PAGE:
The Astrolabe has been considered to be the mathematic jewel of the Middle Ages, a very appropriate judgment as towards the end of the 17th century it was the most widely used portable instrument in the whole history of the Astronomy.
From a didactic point of view, this is still the case, because it allows us to understand in a clear and simple way, celestial mechanics and the apparent movement of the stars.
Historically it is fairly certain that its origin was in Alexandria in the 9th century. The Arabs and Persians, who introduced it into Spain and so into Western Europe at the beginning of the 10th century, brought it to perfection.
It consists of a brass-deflated called the Matter, which houses the Tympanum (plaques engraved with the coordinates of the celestial sphere, the almucantars) and the Spider Or Rete (with stars positions). Outwardly it has a limbo graduated called Crown in which hours are engraved.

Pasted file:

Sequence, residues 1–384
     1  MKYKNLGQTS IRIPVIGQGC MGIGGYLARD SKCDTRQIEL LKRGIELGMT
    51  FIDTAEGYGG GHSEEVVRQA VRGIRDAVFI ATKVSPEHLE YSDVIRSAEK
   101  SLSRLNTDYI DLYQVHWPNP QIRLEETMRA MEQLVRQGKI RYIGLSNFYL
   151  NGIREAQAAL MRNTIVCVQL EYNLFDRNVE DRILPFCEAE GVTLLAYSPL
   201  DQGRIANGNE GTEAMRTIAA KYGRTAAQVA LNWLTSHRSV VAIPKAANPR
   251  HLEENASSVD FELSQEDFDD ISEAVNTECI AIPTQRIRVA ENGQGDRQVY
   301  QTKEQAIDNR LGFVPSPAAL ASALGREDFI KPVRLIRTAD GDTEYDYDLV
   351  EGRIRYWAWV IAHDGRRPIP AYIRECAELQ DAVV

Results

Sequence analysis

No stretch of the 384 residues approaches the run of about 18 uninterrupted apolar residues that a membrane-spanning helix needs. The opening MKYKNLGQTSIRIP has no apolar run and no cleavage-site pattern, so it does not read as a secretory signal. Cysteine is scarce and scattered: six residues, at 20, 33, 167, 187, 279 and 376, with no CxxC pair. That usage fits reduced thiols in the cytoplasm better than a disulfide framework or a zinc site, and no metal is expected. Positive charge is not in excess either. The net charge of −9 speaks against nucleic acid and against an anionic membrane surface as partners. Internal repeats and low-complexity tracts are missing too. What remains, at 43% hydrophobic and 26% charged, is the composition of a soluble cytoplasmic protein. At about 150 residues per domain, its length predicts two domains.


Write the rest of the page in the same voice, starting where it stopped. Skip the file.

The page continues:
The Rete is a stellar map on which are points representing the brightest stars in the sky. It revolves around the matter, representing the apparent movement of the stars over the observation point.
Dimensions : Height 12 cm
Length 5 cm
Width 5 cm
Dimensions only of the astrolabe body: Height 5 cm
Length 4,5 cm
Width 0,5 cm